As I said in my last post, I don’t believe a Ladybird Book ever existed where, in teaching the alphabet, ‘A’ stood for Armoured Train. Daft notion.

Although a rumour of its existence has circulated for years, I’ve seen how such anecdotes can be started from  a stray comment and quickly pass into lore.  Of course it was nonsense.  No one repeating the story could ever provide any evidence.  How come no one actually seemed to own this book? Even if the book is rare, why no pictures anywhere?

That’s what I thought until last night.  And then, only days after sticking my neck out and mentioning this story for the first time on this blog, I came across the book itself.  Yes, it exists.  And do you know what? It was on my own bookshelf all the time!

Pre-1940s Ladybird Series books are hard to find.  They were issued in the days when Wills & Hepworth didn’t consider themselves to be a publisher – but printed a few children’s books from time to time among a wide range of other materials that made up their ‘core’ business.  Brian Alderson, co-author of ‘The Ladybird Story’, has researched these early books and found that it is very rare to find more than one copy of the same title.  I’ve picked up very few of them over the years of my collecting – no more than half-a-dozen in total – and I too have only rarely seen the same copy twice, even online.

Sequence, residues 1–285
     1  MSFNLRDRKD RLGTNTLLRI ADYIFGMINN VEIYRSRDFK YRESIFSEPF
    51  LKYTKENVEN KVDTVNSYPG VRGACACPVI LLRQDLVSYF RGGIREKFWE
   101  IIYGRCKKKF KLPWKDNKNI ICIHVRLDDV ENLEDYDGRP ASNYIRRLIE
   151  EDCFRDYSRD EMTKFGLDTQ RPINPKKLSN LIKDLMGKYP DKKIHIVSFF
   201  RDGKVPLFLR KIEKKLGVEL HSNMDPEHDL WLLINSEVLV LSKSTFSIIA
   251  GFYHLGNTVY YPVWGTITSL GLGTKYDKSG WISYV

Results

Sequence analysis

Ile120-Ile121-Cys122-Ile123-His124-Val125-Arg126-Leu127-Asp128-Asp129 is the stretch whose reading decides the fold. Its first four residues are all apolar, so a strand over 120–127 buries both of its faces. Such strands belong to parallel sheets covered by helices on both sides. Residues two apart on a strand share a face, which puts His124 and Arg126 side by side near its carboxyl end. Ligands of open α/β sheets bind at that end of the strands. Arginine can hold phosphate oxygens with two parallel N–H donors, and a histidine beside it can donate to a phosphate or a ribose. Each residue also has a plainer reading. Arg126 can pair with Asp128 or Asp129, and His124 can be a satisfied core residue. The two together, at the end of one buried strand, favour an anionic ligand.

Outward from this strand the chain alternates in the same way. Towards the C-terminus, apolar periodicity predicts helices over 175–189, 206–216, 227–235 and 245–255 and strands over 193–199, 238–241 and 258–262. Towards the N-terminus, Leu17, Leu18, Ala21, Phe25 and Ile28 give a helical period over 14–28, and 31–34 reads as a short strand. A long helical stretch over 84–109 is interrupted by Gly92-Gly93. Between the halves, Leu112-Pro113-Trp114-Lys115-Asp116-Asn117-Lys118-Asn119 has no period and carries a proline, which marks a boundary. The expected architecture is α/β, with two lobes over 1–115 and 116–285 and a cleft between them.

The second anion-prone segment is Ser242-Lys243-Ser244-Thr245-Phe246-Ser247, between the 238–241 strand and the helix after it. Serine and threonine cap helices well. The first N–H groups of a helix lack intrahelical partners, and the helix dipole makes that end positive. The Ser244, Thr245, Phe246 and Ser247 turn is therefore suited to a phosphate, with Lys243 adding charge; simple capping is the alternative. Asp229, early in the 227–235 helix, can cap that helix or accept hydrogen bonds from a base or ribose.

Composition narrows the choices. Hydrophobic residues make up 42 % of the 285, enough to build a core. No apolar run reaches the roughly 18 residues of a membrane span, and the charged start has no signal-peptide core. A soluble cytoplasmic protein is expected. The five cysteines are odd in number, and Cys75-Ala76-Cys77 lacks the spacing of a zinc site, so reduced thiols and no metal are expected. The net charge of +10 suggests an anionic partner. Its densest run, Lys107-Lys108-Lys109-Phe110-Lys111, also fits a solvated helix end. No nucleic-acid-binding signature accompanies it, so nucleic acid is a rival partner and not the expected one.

So what are the chances that I would happen to find that I myself own the mystery book? And why didn’t I realise before?

The Alphabet section is squeezed into a few pages of a book called “Pixie Tales”, a chunky annual-sized volume crudely printed on coarse paper. Although of course I’ve looked several times through the random collection of tales and poems that it contains, until last night I’d missed the Alphabet part. And actually I found the whole thing fascinating. 

Putting a date to it has proved to be a bit of an enigma though.  I won’t say now why I think it’s an enigma – but below you’ll find a number of pictures from the book.  What do you think? When would you say it dates from?